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Hoffmann, R. A wiki for the life sciences where authorship matters. Nature Genetics (2008)

Amphetamine-induced disruption of prepulse inhibition in mice with reduced NMDA receptor function.

Genetically altered mice with reductions in the NR1 subunit of the N-methyl-d-aspartate (NMDA) receptor have been proposed as a model for the intrinsic NMDA hypofunction hypothesized for schizophrenia. The following study investigated whether NR1-deficient mice have enhanced susceptibility for the effects of amphetamine, similar to the exaggerated responsivity to dopamine agonists observed in many schizophrenia patients. NR1-/- mice and wild-type controls were tested for the effects of amphetamine (2-10 mg/kg) on prepulse inhibition of acoustic startle responses. The results showed that mice with reduced NMDA receptor function demonstrated consistent deficits in prepulse inhibition (PPI), as well as higher startle response amplitudes. In comparison to normal controls, the NR1-/- mice were more sensitive to the disruptive effects of amphetamine on PPI, but not to the drug effects on startle magnitude without a prepulse stimulus. Wild-type mice only showed decreased PPI at the highest dose of amphetamine tested (10 mg/kg) and demonstrated small increases in PPI at lower amphetamine doses (2 and 6 mg/kg). The NR1-/- mice did not show enhanced PPI in response to amphetamine at low doses, with reductions in PPI apparent at doses of 4-10 mg/kg. Overall, these findings suggest that the NR1-/- mouse may provide a model for enhanced sensitivity to dopamine agonist-induced disruption of PPI.[1]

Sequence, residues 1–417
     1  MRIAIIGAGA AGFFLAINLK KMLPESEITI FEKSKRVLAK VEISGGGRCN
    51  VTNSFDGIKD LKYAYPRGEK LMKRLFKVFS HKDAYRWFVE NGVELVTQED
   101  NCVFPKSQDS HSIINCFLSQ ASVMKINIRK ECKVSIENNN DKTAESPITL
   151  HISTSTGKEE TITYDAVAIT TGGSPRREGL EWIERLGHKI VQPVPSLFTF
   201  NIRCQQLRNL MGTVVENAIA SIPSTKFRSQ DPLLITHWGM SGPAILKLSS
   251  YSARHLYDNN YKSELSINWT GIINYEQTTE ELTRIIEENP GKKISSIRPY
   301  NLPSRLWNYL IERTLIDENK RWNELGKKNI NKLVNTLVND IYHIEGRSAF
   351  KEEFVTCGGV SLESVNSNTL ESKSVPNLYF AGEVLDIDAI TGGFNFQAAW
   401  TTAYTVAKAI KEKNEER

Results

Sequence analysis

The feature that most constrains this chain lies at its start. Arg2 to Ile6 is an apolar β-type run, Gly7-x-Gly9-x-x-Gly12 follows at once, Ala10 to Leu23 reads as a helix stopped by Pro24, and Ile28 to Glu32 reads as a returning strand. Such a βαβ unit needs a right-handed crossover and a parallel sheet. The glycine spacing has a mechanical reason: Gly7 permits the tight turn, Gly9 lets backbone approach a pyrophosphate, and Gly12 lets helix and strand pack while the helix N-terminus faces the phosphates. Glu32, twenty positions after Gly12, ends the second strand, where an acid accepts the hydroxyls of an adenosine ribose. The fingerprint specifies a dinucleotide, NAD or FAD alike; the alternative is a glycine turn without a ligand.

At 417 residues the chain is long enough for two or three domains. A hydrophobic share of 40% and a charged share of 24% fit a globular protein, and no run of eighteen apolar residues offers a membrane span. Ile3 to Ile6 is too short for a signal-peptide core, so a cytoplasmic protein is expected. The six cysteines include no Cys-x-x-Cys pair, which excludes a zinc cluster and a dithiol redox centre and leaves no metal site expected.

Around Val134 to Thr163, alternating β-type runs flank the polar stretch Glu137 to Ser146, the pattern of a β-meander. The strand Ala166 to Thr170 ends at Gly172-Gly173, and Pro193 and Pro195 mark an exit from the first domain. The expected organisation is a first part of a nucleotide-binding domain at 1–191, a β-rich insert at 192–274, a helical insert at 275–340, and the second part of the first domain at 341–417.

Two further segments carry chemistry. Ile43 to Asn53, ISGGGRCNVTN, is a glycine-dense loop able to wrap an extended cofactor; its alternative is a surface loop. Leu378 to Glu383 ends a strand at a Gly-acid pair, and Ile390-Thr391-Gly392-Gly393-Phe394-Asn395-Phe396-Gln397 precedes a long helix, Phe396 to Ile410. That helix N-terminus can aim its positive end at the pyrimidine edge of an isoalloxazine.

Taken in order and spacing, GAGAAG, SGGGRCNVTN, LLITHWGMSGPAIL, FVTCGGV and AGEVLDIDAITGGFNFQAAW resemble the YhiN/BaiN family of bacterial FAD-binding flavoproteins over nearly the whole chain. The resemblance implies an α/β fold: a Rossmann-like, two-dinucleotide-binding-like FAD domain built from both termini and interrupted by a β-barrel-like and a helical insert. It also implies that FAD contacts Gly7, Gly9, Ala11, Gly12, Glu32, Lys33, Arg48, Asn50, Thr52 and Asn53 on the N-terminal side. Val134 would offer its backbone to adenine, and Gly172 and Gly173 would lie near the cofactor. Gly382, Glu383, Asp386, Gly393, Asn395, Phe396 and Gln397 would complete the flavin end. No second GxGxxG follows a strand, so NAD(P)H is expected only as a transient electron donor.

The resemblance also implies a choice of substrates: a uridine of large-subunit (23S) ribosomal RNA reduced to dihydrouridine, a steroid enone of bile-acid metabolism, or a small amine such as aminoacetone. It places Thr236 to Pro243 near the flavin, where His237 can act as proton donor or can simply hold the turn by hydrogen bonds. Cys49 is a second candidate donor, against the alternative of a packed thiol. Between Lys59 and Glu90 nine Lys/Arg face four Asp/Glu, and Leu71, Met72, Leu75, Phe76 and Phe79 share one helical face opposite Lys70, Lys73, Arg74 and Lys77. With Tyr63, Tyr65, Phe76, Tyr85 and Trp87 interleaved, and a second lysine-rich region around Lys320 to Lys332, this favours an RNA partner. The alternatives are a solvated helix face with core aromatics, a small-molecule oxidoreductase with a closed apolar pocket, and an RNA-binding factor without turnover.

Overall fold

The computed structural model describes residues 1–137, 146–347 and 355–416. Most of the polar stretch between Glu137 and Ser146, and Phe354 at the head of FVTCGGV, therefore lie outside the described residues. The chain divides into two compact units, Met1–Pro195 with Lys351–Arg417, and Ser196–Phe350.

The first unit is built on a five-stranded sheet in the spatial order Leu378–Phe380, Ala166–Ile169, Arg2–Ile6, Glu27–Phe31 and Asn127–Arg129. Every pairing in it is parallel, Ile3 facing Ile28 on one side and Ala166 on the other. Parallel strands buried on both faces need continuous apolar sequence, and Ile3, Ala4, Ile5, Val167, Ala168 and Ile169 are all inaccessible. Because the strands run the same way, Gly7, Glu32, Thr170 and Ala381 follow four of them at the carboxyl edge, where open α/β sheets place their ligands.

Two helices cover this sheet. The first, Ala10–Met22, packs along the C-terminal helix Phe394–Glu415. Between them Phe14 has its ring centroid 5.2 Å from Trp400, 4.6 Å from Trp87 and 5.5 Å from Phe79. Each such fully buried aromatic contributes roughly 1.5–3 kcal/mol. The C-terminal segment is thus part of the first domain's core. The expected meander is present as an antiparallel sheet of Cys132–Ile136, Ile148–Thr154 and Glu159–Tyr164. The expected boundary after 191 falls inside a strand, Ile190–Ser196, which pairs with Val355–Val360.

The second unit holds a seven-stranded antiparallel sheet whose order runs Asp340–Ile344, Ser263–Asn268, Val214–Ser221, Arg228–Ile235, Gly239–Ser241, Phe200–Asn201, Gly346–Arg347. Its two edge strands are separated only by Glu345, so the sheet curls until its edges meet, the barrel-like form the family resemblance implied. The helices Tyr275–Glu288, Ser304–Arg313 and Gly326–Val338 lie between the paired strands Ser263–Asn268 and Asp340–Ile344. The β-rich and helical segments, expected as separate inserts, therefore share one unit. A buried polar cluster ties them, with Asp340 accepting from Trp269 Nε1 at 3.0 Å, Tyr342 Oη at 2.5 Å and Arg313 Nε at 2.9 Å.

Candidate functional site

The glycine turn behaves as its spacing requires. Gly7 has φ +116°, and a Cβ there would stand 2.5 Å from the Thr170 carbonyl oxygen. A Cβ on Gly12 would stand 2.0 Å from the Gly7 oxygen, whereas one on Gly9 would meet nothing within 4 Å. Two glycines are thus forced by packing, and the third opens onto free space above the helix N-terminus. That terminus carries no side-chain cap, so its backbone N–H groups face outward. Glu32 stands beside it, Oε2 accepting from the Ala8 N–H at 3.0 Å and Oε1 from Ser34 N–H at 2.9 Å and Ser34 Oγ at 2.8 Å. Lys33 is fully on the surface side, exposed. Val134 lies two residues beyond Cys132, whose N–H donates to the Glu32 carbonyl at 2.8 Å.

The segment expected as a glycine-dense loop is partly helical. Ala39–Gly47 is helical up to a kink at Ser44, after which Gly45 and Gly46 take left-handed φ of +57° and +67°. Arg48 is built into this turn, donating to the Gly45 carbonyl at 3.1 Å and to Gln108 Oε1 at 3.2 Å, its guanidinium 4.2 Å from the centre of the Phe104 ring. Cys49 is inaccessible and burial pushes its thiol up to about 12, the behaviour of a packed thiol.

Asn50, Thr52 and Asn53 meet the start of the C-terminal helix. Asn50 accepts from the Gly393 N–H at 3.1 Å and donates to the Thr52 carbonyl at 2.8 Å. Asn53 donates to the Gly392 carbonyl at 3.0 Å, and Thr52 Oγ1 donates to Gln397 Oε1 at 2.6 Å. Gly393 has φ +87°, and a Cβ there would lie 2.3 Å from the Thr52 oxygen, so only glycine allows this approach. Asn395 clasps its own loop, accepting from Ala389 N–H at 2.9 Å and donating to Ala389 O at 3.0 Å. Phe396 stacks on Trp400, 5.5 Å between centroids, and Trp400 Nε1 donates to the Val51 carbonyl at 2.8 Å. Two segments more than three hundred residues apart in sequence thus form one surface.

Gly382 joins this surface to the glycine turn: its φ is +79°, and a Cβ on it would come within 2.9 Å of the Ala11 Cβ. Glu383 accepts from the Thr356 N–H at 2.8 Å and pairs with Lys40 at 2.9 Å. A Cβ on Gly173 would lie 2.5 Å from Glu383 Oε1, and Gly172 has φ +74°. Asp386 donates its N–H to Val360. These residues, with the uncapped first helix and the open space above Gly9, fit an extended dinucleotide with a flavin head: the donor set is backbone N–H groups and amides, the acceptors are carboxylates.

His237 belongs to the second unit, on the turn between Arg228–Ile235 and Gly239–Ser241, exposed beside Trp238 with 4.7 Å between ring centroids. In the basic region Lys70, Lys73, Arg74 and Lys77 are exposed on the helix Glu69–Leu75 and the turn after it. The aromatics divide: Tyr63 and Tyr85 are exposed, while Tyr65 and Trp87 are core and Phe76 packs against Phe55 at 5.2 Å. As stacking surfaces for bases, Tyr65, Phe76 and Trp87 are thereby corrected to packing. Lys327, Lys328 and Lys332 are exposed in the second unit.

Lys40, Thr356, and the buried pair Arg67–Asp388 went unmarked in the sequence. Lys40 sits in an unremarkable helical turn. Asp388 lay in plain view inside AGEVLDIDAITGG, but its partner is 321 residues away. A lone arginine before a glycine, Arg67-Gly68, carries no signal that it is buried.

1. Amphetamine-induced disruption of prepulse inhibition in mice with reduced NMDA receptor function. Moy, S.S., Perez, A., Koller, B.H., Duncan, G.E. Brain Res. (2006) [Pubmed]
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